Federal File: Stickin' around; Education presidents
Billy Webster, the South Carolina businessman who left the fast-food world to serve as Secretary of Education Richard W. Riley's chief of staff, has decided to remain at his post.
Mr. Webster was scheduled to step down this month and return to his home state. But President Clinton, the First Lady, and Secretary Riley persuaded him to stay on.
Part of Mr. Clinton's arm-twisting technique reportedly included a morning jog with Mr. Webster, who is an avid runner.
A department spokesman said Mr. Webster has not indicated how long he will stay with the department.
Lamar Alexander and William J. Bennett finished second and eighth, respectively, in the first straw poll for the 1996 Presidential campaign.
Mr. Alexander, who served as Secretary of Education under President George Bush, received 205 votes, or 15 percent, in the Iowa Republican Party straw poll, which was conducted last month in Des Moines. Mr. Bennett, who was Secretary under President Ronald Reagan and was later Mr. Bush's "drug czar,'' received 59 votes, or 4 percent.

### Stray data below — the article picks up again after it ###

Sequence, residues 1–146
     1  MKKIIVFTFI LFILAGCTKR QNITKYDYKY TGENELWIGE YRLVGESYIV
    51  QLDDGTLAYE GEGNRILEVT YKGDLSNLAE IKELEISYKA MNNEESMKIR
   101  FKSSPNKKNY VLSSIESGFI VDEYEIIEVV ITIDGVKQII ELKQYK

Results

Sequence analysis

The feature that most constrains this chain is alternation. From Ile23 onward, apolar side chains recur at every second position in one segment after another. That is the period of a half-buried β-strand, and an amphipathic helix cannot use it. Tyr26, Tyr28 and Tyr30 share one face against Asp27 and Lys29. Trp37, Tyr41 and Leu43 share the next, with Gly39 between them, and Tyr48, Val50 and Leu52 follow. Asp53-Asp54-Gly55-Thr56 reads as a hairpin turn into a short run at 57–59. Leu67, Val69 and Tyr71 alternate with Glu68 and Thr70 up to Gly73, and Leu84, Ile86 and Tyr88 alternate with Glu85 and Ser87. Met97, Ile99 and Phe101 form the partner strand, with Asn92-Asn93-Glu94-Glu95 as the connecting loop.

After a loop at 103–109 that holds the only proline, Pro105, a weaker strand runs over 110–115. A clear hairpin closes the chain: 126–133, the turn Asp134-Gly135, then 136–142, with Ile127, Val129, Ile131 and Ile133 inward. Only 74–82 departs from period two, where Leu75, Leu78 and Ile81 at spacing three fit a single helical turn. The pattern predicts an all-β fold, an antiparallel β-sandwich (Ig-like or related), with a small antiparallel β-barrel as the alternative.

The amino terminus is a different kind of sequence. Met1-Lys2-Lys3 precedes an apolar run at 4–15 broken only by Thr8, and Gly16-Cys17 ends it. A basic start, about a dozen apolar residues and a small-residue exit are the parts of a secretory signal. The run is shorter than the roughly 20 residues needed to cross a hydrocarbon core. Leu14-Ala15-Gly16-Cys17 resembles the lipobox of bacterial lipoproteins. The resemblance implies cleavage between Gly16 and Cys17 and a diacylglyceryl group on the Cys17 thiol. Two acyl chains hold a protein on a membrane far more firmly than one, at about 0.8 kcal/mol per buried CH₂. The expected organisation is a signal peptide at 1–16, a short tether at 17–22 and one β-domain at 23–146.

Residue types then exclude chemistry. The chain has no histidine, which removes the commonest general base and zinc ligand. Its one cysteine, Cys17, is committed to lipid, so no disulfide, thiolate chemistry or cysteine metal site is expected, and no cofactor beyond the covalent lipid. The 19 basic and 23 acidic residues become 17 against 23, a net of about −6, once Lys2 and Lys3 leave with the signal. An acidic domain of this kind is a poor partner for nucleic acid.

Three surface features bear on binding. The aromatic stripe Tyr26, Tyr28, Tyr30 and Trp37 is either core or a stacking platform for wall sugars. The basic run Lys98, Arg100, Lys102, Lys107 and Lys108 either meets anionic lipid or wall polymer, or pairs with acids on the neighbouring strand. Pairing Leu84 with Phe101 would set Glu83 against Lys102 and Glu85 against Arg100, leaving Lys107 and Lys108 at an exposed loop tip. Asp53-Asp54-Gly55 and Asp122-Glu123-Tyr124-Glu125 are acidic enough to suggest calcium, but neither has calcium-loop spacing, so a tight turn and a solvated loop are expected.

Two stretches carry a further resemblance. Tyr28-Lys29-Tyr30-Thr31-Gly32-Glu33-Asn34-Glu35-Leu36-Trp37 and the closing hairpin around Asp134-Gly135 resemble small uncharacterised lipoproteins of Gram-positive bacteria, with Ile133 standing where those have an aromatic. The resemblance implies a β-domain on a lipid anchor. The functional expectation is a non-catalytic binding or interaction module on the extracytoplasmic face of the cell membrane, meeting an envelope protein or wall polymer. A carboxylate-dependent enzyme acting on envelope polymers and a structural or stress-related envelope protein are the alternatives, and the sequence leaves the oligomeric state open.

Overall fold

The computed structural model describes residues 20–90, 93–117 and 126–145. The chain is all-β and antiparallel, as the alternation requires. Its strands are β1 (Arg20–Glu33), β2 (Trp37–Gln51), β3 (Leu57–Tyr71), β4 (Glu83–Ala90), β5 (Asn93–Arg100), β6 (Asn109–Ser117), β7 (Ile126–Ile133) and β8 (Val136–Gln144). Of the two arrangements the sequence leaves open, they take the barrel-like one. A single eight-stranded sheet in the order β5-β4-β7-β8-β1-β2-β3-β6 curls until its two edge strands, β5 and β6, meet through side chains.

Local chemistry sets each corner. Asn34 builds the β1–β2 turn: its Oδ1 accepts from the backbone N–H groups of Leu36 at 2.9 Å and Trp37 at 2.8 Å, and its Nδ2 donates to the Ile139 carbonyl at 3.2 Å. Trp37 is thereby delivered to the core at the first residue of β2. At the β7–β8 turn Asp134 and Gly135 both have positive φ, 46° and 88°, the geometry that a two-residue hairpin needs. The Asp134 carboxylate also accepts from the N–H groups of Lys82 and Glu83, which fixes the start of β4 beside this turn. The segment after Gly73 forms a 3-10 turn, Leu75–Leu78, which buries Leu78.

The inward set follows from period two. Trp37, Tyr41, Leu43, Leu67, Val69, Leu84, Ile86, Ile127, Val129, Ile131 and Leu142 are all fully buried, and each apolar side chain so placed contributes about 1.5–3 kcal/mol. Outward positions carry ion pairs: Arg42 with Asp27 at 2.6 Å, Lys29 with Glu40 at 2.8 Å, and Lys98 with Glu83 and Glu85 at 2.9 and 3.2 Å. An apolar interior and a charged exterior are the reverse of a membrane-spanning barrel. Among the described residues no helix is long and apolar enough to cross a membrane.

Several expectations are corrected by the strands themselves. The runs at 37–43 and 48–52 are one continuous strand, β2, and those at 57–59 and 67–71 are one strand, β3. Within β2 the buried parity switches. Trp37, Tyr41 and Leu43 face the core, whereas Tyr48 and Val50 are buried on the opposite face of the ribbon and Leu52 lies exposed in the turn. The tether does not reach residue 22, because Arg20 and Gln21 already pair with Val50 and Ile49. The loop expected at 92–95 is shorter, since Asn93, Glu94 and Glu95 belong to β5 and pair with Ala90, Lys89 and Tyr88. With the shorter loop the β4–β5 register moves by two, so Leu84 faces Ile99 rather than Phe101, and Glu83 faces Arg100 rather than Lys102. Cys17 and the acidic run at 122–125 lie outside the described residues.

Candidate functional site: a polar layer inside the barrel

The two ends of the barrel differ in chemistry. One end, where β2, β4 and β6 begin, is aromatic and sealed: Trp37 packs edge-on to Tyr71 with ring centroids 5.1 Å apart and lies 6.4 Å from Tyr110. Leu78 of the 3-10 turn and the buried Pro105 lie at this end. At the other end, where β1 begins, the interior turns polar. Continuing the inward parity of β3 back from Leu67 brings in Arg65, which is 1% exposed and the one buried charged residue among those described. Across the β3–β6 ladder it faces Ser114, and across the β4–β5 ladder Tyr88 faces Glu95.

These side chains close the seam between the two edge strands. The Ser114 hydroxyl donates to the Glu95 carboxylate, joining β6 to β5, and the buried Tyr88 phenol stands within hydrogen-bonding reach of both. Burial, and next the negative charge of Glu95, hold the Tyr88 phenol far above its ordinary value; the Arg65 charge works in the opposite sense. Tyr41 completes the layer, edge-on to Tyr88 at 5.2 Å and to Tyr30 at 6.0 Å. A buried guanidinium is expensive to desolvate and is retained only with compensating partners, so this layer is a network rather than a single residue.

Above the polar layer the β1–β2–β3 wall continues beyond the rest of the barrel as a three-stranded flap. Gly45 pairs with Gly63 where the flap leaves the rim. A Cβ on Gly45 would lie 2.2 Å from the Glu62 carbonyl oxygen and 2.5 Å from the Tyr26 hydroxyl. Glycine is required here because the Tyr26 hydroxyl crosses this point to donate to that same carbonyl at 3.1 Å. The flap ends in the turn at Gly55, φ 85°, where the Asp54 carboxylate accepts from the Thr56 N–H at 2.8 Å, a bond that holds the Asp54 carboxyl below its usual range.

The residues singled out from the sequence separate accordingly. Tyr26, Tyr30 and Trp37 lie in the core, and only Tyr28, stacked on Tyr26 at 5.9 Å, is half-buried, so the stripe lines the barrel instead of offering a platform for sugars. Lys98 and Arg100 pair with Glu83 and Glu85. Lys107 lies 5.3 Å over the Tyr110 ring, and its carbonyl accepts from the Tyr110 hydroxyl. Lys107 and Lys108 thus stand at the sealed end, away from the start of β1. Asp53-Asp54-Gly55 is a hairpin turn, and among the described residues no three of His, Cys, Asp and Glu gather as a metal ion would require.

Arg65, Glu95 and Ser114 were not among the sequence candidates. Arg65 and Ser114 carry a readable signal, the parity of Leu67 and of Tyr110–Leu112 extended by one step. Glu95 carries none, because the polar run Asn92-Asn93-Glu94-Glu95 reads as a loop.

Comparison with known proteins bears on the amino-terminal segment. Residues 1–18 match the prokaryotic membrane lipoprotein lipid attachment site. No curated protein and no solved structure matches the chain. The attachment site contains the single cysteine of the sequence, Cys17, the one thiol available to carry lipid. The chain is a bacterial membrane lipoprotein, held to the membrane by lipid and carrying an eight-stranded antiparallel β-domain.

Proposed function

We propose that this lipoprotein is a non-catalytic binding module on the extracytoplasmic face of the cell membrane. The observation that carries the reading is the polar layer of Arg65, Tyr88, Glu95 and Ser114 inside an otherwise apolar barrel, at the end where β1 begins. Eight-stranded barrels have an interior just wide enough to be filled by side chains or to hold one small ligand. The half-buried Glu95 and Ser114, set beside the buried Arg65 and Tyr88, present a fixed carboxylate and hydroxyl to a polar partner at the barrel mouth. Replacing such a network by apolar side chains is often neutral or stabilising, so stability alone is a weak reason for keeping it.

Billed as the unofficial kickoff of the campaign, the straw poll was conducted more than two years before the election and much earlier than usual. A Republican spokeswoman said the state has received several visits from potential candidates recently, so party officials decided to act.
More than 1,300 people paid $25 each to cast their votes for one of 23 potential G.O.P. candidates; the state party raised about $42,000.
Mr. Alexander has all but declared himself a candidate for the 1996 race. He holds monthly town meetings on his Republican Exchange Satellite Network.
Mr. Bennett, the author of a current best seller, The Book of Virtues, both has expressed an interest in competing for the Republican nomination and has said he will not run.
The Senate minority leader, Bob Dole of Kansas, finished first in the poll with 356 votes, or 27 percent. Former Vice President Dan Quayle finished sixth with 81 votes, or 6 percent. Other vote-getters included former Labor Secretary Lynn Martin, New Jersey Gov. Christine Todd Whitman, and the conservative commentator Patrick J. Buchanan.
Eight people voted for "none of the above.''--MARK PITSCH